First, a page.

A professor of art history explores the last four decades of art history, raising important questions about authorship and materials, beginning in the era of "anything is art" and continuing through post-modern expressions of pastiche art that combine materials from many sources. (Fine Arts)
Part of the acclaimed 'Documents of Contemporary Art' series of anthologies. This collection of writings examines the pervasive and influential role of the Gothic in contemporary art, providing the first comprehensive overview of its uses within contemporary visual culture. The Gothic includes artists' writings by Mike Kelley, Damien Hirst, Tacita Dean, Jonathan Meese and Catherine Sullivan, complemented by literary extracts from Horace Walpole, William Gibson, Bret Easton Ellis and Stephen King, and theoretical writings by such key thinkers as Carol Clover, Beatriz Colomina, Julia Kristeva, Eve Kosofsky Sedgwick, Marina Warner and Slavoj Žižek. Artists surveyed include Matthew Barney, Louise Bourgeois, Tacita Dean, Sue de Beer, Janet Cardiff, Mark Dion, Stan Douglas, Robert Gober, Douglas Gordon, Dan Graham, Damien Hirst, Mike Kelley, Paul McCarthy, Teresa Margolles, Jonathan Meese, Raymond Pettibon, Paul Pfeiffer, Gregor Schneider, Cindy Sherman, Catherine Sullivan, Andy Warhol, and Jane and Louise Wilson. Writers include Jean Baudrillard, Elizabeth Bronfen, Edmund Burke, Carol Clover, Beatriz Colomina, Douglas Crimp, Jacques Derrida, Richard Dyer, Umberto Eco, Bret Easton Ellis, Trevor Fairbrother, Alex Farquharson, Hal Foster, Michel Foucault, Sigmund Freud, William Gibson, Christoph Grunenberg, Bruce Hainley, Judith Halberstam, Amelia Jones, Jonathan Jones, Mike Kelley, Julia Kristeva, Jacques Lacan, Patrick McGrath, Kobena Mercer, James Meyer, Edgar Allan Poe, Andrew Ross, Jerry Saltz, Eve Kosofsky Sedgwick, Mary Shelley, Nancy Spector, Robert Louis Stevenson, Anthony Vidler, Jeff Wall, Horace Walpole, Marina Warner, Anne Williams and Slavoj Žižek.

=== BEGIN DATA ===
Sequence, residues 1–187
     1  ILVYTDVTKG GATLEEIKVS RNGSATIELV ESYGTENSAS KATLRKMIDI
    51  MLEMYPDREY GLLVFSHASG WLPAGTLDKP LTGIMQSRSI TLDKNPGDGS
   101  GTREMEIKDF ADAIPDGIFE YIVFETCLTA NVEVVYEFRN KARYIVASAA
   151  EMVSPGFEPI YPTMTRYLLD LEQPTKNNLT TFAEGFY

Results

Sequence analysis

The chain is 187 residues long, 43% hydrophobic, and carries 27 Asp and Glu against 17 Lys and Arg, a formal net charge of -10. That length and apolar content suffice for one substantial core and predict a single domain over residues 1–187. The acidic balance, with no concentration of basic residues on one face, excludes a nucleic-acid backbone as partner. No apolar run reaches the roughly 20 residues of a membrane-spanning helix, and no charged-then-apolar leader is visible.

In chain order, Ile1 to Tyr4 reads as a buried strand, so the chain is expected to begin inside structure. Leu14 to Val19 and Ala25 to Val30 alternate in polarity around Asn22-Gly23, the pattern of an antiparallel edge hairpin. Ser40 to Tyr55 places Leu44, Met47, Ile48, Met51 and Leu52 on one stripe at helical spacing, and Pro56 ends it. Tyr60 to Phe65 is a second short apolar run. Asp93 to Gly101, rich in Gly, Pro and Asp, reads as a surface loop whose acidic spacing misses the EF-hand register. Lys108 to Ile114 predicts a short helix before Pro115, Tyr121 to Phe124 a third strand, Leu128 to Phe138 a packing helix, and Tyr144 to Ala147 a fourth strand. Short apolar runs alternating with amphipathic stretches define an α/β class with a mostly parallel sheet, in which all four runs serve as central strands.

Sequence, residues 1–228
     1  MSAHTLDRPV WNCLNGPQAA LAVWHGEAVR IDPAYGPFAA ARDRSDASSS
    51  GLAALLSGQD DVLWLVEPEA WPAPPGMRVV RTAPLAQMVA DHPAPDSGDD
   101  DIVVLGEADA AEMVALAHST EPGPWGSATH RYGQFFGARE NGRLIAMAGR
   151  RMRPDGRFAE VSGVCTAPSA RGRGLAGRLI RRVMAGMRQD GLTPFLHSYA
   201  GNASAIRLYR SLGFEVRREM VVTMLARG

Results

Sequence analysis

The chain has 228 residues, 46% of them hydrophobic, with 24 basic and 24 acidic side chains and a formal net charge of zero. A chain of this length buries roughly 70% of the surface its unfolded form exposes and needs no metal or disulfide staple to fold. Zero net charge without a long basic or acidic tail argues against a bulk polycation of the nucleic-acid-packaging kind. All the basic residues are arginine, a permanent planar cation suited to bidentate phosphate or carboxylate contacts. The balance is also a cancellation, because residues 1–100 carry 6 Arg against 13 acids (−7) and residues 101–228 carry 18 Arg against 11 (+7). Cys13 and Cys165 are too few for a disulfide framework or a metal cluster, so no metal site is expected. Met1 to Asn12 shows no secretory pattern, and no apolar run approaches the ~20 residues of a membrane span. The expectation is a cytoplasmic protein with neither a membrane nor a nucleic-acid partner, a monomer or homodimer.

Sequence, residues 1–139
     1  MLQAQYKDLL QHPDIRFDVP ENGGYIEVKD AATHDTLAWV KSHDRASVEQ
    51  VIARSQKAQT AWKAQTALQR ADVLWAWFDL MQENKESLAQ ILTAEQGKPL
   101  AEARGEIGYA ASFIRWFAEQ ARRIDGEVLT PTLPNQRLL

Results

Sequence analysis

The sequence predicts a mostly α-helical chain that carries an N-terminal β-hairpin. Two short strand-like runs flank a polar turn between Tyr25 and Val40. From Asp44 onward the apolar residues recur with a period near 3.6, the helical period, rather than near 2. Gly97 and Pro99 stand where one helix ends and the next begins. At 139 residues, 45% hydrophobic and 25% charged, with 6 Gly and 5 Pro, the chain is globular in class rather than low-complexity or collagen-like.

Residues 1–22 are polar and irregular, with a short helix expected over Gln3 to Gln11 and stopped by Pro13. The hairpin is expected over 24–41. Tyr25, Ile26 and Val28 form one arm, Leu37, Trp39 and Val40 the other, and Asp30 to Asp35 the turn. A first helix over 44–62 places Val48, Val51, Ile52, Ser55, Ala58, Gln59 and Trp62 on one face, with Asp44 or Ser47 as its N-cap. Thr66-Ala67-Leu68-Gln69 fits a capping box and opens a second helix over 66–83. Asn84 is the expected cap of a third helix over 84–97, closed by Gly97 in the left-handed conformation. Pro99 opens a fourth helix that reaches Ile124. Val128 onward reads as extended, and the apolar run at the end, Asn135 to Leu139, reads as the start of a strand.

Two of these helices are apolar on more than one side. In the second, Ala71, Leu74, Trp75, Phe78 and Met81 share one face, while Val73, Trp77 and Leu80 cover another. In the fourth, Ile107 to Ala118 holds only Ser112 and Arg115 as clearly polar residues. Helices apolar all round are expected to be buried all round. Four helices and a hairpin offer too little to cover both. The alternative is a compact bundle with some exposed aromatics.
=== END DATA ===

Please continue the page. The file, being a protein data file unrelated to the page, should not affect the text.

Part of the acclaimed 'Documents of Contemporary Art' series of anthologies . In a world where technology, spectacle and excess seem to eclipse former concepts of nature, the individual and society, what might be the characteristics of a contemporary sublime? If there is any consensus it is in the notion that the sublime represents a taking to the limits, to the point at which fixities begin to fragment. This anthology examines how ideas of the sublime are explored in the work of contemporary artists and theorists, in relation to the unpresentable, transcendence, terror, nature, technology, the uncanny and altered states. Artists surveyed include: Marina Abramović, Joseph Beuys, Tacita Dean, Walter De Maria, A K Dolven, Olafur Eliasson, Andreas Gursky, Jitka Hanzlová, Gary Hill, Susan Hiller, Shirazeh Houshiary, Anish Kapoor, Mike Kelley, Anselm Kiefer, Yves Klein, Richard Long, Barnett Newman, Tony Oursler, Cornelia Parker, Gerhard Richter, Doris Salcedo, Lorna Simpson, Hiroshi Sugimoto, Fred Tomaselli, James Turrell, Luc Tuymans, Bill Viola and Zhang Huan. Writers include: Marco Belpoliti, John Berger, Paul Crowther, Jacques Derrida, Okwui Enwezor, Jean Fisher, Barbara Claire Freeman, Jeremy Gilbert-Rolfe, Doreet LeVitte-Harten, Eleanor Heartney, Lynn M. Herbert, Luce Irigaray, Fredric Jameson, Lee Joon, Julia Kristeva, Jean-François Lyotard, Thomas McEvilley, Vijay Mishra, David Morgan, Jean-Luc Nancy, Jacques Rancière, Gene Ray, Robert Rosenblum, Philip Shaw, Marina Warner, Thomas Weiskel and Slavoj Žižek.
Contemporary art opens the archives of private memory and challenges our entrenched ways of perceiving reality. This catalogue looks at the nature and status of the document in media ranging from artefacts and filmic narrative to live performance. The essays explore various perspectives on what has been termed as the 'documentary turn' in contemporary art, analysing the ways in which artists recycle and reinterpret existing documents or documentary genres in their art.